Top representatives in the government have maintained that India’s very close to getting a vaccine.
According to industry sources, the Subject Expert Committee, which is advising the Drug Controller General of India (DCGI) on the matter, has ‘’sought more granular data from the firms on dosages and other updated information from subjects".
SII, the world's largest vaccine maker by volume, is expecting the final approval by the regulator in the next few days.
The MHRA has approved the Oxford-AstraZeneca vaccine for use for people 18 years or older and consists of two doses, with the second dose administered 4-12 weeks after the first dose. The company had been submitting data to the UK regulator since September 2020 under a rolling review process, enabling data to be reviewed in stages, as it became available.
A BBC report said that the UK has ordered 100 million doses - enough to vaccinate 50 million people. This would cover the entire population when combined with the full order of the Pfizer-BioNTech jab, UK’s Health Secretary Matt Hancock said.
The outcome assessment of the UK-MHRA for grant of emergency use authorisation was one of the additional information that the subject expert committee had asked SII to provide over two weeks ago. The panel had also asked the company to provide updated safety data of the phase two and three trials, immunogenicity data from the clinical trials in the UK and India.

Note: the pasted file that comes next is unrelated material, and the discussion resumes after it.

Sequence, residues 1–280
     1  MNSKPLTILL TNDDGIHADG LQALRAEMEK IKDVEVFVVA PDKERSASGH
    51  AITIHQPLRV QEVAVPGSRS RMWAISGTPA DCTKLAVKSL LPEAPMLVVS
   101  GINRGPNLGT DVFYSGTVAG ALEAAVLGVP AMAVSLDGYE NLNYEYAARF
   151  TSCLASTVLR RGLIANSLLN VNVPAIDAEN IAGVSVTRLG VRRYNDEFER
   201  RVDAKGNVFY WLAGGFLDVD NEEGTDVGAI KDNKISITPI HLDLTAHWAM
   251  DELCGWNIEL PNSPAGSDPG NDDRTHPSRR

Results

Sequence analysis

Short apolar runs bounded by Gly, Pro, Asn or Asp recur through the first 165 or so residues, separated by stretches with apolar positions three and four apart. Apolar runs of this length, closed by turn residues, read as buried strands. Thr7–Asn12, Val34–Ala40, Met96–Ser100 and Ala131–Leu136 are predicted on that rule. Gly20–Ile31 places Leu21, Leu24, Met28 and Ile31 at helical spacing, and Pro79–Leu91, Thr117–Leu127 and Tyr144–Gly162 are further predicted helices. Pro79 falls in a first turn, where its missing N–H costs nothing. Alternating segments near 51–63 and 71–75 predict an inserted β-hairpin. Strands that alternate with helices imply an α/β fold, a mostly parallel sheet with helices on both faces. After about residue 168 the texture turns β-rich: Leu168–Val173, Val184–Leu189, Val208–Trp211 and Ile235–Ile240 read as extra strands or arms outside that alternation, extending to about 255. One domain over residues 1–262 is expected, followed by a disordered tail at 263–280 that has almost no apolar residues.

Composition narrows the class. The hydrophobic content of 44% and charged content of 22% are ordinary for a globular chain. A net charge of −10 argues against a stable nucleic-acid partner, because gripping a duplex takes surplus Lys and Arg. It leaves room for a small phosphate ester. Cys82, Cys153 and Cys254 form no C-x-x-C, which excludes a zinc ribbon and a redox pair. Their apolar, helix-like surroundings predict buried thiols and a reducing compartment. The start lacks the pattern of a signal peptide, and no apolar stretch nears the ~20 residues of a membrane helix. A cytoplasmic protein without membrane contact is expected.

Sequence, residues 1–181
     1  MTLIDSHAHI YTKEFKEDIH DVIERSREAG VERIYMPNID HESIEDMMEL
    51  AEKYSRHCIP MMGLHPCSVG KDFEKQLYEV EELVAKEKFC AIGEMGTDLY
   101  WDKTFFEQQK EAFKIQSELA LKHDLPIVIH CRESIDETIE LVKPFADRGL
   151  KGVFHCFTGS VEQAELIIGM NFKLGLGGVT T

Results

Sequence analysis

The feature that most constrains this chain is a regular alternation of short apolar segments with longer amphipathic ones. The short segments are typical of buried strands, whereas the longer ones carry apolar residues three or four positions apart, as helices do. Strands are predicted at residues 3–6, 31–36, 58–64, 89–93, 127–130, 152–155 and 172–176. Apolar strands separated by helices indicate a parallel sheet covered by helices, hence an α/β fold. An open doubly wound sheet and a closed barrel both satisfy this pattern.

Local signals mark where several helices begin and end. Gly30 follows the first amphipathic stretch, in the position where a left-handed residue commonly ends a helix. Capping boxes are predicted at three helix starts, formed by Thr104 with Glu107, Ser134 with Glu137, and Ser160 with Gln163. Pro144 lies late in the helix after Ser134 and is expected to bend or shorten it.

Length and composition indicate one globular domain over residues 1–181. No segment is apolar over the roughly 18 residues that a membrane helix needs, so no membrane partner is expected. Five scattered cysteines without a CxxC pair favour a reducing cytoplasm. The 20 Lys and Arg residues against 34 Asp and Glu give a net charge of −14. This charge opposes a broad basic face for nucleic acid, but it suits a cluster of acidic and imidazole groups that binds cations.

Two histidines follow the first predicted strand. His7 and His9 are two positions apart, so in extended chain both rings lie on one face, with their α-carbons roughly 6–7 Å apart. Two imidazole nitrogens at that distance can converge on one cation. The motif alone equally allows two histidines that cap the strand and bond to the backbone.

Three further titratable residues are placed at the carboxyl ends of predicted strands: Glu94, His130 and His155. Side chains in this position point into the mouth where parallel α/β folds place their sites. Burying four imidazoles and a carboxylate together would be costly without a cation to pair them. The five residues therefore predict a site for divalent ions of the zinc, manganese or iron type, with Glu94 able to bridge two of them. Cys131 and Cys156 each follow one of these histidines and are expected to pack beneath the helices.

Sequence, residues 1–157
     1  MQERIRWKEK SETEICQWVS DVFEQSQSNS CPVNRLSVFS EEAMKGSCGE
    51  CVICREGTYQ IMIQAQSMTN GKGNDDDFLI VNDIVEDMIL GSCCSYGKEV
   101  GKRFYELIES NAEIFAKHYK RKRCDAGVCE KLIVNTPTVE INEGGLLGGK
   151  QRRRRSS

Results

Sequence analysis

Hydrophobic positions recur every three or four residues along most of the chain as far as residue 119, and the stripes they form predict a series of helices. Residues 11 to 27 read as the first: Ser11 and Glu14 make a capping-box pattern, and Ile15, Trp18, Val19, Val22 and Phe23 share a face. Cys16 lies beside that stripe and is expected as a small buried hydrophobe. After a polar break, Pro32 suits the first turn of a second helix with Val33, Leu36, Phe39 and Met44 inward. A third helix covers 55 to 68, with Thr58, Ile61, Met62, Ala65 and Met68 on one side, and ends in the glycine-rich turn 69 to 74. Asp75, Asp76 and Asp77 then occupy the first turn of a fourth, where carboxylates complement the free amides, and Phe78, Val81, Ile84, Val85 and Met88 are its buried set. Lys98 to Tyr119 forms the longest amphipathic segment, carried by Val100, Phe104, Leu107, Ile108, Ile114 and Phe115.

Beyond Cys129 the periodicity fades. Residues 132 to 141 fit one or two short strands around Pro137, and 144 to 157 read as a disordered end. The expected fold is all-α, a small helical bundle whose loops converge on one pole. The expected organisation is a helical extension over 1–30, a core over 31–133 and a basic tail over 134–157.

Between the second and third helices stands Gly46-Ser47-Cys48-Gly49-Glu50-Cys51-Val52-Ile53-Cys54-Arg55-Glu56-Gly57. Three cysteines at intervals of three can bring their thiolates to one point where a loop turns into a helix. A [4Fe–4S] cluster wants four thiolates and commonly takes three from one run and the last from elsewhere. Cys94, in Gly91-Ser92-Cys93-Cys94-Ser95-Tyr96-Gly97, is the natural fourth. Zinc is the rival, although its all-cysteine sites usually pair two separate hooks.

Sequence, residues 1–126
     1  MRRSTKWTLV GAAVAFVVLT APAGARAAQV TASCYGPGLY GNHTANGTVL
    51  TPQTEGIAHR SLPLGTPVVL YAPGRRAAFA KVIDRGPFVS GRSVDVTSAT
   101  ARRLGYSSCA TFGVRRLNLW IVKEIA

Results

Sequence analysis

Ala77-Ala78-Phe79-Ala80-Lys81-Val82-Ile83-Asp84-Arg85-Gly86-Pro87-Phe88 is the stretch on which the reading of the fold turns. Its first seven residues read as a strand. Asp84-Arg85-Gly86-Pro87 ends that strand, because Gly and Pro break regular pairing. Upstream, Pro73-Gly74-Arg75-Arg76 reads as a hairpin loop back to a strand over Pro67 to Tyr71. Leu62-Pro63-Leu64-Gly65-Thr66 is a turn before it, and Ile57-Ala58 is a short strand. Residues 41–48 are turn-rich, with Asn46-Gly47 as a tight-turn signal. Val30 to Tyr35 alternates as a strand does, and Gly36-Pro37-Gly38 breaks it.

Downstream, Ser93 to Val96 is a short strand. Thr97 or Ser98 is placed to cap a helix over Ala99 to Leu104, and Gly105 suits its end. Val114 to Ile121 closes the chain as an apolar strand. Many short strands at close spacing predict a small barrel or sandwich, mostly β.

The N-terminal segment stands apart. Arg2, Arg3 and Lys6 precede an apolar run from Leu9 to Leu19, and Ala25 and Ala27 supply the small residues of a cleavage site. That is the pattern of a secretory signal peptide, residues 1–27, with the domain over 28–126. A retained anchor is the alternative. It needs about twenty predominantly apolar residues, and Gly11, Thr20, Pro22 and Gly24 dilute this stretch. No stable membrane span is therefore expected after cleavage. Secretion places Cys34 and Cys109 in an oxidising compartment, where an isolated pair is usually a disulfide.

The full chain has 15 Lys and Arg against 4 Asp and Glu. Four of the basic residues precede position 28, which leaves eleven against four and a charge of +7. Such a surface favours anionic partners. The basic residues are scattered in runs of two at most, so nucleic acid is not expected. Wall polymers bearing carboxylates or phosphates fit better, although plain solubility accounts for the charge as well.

While the Pune based company’s founder Cyrus Poonawalla told media outlets that there was no purchase agreement or any firm commitment on procurement for the vaccine by the government till now, SII has stated that most of its present stockpile of 40-50 million doses will go to India once the emergency approval is granted.
The company will scale up to produce 100 million doses per month when its third facility becomes operational by March 2021 and 300 million doses by July 2021.
India plans to inoculate 300 million in the first tranche of vaccinations including healthcare workers, frontline workers and those above either 50 years of age or with comorbidities.
SII also has an agreement with the COVAX, also known as the COVID-19 Vaccines Global Access Facility, of which India is a part for 200 million doses of the Oxford-AstraZeneca vaccine.
The company had said it would offer up to 100 million doses at a price capped at $3 for 92 low and middle-income countries including India.
Compared to Pfizer-BioNtech’s vaccine, which has temperature requirement of minus 70 degree Celsius, the Oxford-AstraZeneca vaccine would be easier to deploy with manageable cold storage requirement of 2 to 8 degree Celsius.
is in the middle of its phase 3 efficacy trial in India and has recruited over 13,000 volunteers already. Bharat Biotech had applied for marketing approval based on phase 1 and 2 data. Its CMD Krishna Ella indicated recently that since data from monkeys have shown the efficacy of the vaccine, and the phase 1 and 2 human trial data showed that it was safe, one could apply for marketing approval.
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